10. The Guideline stresses screening and come-up practices that are very time consuming. Many therapeutic systems (and insurance companies) will not subsist supportive

11. The Guideline has the possible to reinforce prejudice against opioids and opioid-users that is already extensive in medicine, nursing, and pharmacy.

12. Despite speech that encourages individualizing treatment plans, the barriers to intricate web plans are not addressed. Nor is individual sufferer response. “Start low, go slow” is well-nigh always appropriate, but therapeutic limits to dosing based forward epidemiologic data is not entirely rational. The long-suffering in front of me is at all times an anecdote. But every anecdote falls someplace forward a normal curve. We don’t comprehend, especially when initiating treatment, where the persistent will ultimately fall on the bend..

13. The Guideline discussion acknowledges that facts on the effectiveness of opioids concerning long-term use is sparse, if it were not that lends a lot of weight to research that could be interpreted to indicate that opioids “don’t work” with regard to chronic pain. But the research base is same, very thin.

14. There are divers research questions to be addressed, more of which we really haven’t figured deficient in how to ask, much less design each adequate study around. And who behest pay for and who will work out long-term studies?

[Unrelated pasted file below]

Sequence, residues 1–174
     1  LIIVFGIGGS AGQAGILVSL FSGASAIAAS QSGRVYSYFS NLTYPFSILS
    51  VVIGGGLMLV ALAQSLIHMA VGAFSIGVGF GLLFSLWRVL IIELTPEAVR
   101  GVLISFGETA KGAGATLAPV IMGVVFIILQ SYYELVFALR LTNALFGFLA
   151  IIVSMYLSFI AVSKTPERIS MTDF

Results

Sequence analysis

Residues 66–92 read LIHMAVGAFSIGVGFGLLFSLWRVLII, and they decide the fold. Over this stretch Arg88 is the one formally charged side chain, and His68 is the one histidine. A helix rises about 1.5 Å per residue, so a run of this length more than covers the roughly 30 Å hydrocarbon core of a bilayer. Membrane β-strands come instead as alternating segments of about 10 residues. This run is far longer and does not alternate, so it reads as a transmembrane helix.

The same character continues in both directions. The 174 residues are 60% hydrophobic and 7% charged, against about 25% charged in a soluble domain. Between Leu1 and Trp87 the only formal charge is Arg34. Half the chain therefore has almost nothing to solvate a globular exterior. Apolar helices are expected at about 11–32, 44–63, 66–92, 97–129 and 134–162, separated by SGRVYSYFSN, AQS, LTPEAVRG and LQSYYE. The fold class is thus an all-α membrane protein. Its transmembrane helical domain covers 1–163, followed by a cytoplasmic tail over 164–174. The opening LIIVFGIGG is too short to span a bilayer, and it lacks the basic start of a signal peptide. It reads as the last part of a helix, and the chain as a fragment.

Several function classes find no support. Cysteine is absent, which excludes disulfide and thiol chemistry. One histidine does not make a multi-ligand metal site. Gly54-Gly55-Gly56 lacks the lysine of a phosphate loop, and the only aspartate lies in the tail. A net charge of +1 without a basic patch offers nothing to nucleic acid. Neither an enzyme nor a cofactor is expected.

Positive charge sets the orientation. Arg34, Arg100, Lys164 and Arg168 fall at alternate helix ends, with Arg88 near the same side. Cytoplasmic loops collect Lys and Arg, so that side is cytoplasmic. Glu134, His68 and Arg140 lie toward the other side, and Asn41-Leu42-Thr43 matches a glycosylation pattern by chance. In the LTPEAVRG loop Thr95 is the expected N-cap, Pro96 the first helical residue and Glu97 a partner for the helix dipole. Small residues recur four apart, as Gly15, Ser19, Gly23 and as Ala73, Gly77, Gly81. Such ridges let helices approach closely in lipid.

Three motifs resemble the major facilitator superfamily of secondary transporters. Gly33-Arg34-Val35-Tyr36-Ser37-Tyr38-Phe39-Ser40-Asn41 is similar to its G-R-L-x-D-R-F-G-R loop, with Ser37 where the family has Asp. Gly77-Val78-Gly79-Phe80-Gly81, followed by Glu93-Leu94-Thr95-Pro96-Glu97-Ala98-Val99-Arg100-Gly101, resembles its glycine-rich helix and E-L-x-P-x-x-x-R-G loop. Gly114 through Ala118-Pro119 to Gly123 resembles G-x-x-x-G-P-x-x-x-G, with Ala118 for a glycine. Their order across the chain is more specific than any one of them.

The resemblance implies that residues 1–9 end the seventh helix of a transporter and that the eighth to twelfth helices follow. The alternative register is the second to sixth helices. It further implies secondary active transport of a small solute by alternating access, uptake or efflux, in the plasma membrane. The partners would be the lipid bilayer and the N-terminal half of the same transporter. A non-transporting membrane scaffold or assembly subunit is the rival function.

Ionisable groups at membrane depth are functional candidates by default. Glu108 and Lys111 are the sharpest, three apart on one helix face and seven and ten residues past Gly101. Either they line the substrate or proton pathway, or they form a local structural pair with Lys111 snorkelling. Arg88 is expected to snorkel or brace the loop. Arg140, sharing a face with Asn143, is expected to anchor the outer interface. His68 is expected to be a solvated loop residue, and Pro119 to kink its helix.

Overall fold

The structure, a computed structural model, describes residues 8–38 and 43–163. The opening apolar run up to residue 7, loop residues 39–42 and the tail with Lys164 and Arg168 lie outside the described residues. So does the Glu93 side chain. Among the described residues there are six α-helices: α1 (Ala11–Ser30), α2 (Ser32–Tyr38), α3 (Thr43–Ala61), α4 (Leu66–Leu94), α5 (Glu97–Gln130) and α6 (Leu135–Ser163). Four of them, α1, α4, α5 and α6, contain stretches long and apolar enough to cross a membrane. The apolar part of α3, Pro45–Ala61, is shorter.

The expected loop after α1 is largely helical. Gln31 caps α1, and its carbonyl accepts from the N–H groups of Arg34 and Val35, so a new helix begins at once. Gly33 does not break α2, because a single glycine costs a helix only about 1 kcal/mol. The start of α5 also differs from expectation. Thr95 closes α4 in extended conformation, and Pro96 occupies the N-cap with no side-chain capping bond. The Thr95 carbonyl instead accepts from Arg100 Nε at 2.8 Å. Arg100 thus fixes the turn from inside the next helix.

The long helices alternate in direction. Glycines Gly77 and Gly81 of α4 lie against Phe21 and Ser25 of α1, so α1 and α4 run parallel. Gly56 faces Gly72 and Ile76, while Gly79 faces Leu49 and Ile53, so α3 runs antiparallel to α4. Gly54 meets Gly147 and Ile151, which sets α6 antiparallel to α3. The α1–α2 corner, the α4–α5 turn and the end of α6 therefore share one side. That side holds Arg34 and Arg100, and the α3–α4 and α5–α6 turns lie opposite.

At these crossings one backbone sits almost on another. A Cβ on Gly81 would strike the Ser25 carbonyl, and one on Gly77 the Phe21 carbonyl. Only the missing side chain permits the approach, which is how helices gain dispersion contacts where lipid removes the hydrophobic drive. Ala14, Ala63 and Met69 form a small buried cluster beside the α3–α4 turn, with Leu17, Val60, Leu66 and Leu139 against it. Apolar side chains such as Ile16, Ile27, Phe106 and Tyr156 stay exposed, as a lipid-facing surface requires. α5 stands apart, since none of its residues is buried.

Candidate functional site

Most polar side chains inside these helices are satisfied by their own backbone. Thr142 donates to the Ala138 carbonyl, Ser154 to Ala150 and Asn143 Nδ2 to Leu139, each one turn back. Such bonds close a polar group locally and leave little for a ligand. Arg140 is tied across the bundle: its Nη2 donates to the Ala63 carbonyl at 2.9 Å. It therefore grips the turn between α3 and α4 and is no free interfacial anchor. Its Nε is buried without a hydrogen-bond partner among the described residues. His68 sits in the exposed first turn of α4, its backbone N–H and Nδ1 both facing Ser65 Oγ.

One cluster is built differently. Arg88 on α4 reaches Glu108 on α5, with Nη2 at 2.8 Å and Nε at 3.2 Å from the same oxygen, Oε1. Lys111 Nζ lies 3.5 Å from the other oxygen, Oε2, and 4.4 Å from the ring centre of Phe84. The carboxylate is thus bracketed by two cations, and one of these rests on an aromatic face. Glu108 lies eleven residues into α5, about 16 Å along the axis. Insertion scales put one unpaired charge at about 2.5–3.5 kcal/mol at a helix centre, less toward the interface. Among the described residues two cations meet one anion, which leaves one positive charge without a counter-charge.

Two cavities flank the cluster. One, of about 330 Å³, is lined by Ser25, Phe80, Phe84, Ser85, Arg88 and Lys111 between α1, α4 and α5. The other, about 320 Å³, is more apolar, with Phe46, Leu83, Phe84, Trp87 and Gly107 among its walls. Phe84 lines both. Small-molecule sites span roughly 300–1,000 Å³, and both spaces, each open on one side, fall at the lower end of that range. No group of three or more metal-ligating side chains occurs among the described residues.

a. What are the biological differences betwixt those who become “addicted” vs those who don’t? Is in that place a continuum? If so, might one individual move in both directions in c~tinuance the continuum?
   b. What is the shock of rate of metabolism for clear as day opioids on safety and effectiveness of pharmacologic treatments? What is the universality of the so-called ultrarapid metabolizers vs out at the heels metabolizers?
   c. What does “opioids in spite of chronic pain don’t work” indeed mean? [This clause does not advance from the Guideline but is like to statements made by groups who advocated beneficial to the Guideline as a way to overthrow opioid prescribing].
   d. There seems to be a subset of people who are extremely functional on long-term opioids—what differentiates them from the “opioids don’t work” inhabitants?
   e. There has been some interesting work showing persistent changes in the brain from opioids have been discontinued. What is the expansion of these changes over large populations? Are in that place predictors for which changes and which their behavioral effects are?
   f. So, indeed, what is the risk of pretty “addicted?” The varying discovery of 0 to 50% just isn’t benevolent, and neither the upper nor disgrace percent seem very credible. How is a clinician to decide, and explain to a patient, the sort of is the risk of addiction?
   g. Can we disclose better tools for stratifying risk instead of misuse?
   h. Does “boisterous risk” have to translate to “don’t make terms?” We need evidence-based models as antidote to treating chronic pain in those with a history of and those by current substance use disorder.
   i. How cogent is urine toxicology monitoring in prudent patients? [Will insurance companies cover this cost?]. If the Guideline writers really suppose urine testing has significant value, the Guideline is weak—“at least annually.”